Those people were not aware of the true spirit of this tragic event which covered only a few hours. They did not know that with the passage of time the greatness and effect of this sacred campaign against falsehood and tyranny would continue to increase.
At the time of the occurrence of this tragedy there were only a few persons from amongst the Ahlul Bayt, who could assess its value and importance, speak about the effects, which it would have later on the Muslims and relieve them to some extent from the misunderstanding in which they were involved.
These were the few persons who could unveil with their speeches, the wickedness of the prevailing regime and the misunderstanding of the people and draw the attention of the people to the blow, which had been dealt to the enemy by those martyrs who were lying calmly in their graves, and to the tumult those heads would create in history later -the heads, which had been severed and held on the spears. The persons who went to various cities and regions in the capacity of prisoners, changed the thinking of the people and exonerated their sacred martyrs from the charges leveled against them in such a way that the facts of the event became crystal clear.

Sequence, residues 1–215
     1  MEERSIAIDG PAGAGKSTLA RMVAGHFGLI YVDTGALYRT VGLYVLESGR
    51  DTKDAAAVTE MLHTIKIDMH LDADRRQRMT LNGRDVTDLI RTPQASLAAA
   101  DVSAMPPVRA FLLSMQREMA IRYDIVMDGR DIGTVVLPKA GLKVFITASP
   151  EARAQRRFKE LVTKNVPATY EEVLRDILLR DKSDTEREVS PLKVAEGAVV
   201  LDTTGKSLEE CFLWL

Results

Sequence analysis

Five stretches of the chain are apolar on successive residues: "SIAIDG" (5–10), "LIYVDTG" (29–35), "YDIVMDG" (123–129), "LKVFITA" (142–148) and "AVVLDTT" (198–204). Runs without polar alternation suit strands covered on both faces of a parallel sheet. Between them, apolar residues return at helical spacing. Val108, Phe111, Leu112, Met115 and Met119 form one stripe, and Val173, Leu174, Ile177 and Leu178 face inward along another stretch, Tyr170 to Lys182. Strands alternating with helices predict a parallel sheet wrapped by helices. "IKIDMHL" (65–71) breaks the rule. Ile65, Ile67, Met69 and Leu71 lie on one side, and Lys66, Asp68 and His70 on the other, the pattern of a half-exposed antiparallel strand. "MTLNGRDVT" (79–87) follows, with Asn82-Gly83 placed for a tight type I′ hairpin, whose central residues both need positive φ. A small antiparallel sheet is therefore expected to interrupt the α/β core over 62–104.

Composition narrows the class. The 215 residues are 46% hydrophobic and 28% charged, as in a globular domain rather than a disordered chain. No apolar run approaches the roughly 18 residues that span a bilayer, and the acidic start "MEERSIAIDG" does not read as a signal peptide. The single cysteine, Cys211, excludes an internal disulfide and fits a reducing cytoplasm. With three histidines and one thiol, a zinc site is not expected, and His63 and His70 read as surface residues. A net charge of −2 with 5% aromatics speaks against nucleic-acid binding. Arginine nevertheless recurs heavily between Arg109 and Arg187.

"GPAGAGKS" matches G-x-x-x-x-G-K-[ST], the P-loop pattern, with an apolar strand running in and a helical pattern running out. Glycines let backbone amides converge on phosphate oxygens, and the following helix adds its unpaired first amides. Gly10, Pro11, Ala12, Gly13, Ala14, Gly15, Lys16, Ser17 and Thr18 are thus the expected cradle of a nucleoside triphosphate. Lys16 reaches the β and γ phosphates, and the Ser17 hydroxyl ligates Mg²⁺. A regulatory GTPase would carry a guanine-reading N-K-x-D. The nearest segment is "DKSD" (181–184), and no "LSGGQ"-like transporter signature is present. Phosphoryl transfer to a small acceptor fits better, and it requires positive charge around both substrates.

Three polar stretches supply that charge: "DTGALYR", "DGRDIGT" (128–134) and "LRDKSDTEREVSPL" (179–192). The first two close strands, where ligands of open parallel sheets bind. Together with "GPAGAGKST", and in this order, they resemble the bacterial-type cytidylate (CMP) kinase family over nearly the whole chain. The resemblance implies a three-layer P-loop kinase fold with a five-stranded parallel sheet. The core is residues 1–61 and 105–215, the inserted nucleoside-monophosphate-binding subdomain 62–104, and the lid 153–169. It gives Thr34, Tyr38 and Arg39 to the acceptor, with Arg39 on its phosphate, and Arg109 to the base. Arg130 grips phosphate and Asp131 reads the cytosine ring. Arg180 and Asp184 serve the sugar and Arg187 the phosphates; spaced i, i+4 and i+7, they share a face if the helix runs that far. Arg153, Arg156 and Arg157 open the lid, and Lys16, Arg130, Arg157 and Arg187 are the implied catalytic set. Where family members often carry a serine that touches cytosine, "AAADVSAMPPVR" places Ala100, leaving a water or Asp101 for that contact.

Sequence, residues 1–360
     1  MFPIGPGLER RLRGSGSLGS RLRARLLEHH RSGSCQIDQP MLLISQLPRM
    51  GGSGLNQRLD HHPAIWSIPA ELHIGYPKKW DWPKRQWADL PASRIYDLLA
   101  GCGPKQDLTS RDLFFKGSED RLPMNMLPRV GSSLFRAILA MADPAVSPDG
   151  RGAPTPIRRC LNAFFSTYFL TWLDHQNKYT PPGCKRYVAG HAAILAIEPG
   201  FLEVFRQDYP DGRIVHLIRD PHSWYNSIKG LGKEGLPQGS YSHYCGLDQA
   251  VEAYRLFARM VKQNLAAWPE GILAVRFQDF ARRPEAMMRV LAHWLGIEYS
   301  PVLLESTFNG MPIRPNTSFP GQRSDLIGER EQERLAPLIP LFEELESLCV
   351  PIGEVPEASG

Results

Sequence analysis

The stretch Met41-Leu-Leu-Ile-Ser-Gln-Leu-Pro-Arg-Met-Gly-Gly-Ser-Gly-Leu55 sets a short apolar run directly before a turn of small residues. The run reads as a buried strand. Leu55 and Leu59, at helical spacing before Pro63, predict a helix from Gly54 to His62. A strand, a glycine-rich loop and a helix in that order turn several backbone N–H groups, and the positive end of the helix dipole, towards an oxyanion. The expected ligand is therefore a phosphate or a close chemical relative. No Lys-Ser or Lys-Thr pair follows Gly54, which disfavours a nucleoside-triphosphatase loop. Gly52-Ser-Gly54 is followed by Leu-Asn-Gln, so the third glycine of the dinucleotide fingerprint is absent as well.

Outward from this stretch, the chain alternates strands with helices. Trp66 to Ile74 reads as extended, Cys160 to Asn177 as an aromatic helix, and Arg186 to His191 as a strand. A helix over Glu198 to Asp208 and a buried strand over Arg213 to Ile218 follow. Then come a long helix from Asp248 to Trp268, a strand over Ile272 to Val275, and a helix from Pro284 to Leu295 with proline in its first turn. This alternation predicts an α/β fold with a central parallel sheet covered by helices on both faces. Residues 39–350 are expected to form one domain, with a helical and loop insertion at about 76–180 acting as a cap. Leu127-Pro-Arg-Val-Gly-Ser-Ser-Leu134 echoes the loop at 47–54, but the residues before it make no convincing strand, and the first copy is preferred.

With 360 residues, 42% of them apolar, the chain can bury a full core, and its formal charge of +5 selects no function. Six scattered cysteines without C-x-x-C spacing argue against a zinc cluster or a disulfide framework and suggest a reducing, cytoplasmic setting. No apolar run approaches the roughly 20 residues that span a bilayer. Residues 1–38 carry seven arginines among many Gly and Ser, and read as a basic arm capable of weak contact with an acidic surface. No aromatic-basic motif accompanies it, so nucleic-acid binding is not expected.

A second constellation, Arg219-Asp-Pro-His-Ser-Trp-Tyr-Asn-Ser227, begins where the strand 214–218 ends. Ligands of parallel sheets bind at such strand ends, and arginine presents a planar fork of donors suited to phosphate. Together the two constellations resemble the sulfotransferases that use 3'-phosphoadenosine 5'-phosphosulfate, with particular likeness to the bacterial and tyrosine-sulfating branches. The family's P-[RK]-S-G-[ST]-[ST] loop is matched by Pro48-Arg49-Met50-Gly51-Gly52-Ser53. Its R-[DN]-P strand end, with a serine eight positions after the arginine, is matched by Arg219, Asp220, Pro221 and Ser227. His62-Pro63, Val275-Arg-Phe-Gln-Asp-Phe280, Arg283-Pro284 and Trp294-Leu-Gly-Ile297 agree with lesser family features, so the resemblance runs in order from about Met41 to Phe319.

Here arises a question, which must be looked into and answered. The question is: Why did it so happen that the tragedy of Karbala occupied the central position amongst all the historical events of Islam and all religious risings, and no collective rising, struggle and martyrdom could acquire greatness in the world similar to that of the rising of Imam Husayn?
In the Battle of Uhud which took place near Madina in the month of Shawwal 3 A.H. between the Muslims and the polytheists of Makkah, a group of forty Muslims disobeyed their commander owing to some misunderstanding. Consequently 700 Muslims, who were fighting against 3000 polytheists, were defeated after having gained victory over the enemy. More than 80 persons were martyred.
The bodies of most of the martyrs were mutilated in such away that a sister could not identify the body of her brother except by means of a defect in his finger. Notwithstanding this the Battle of Uhud and the martyrdom of more than 70 to 80 Muslim mujahids has not acquired the grandeur of the tragedy of Karbala.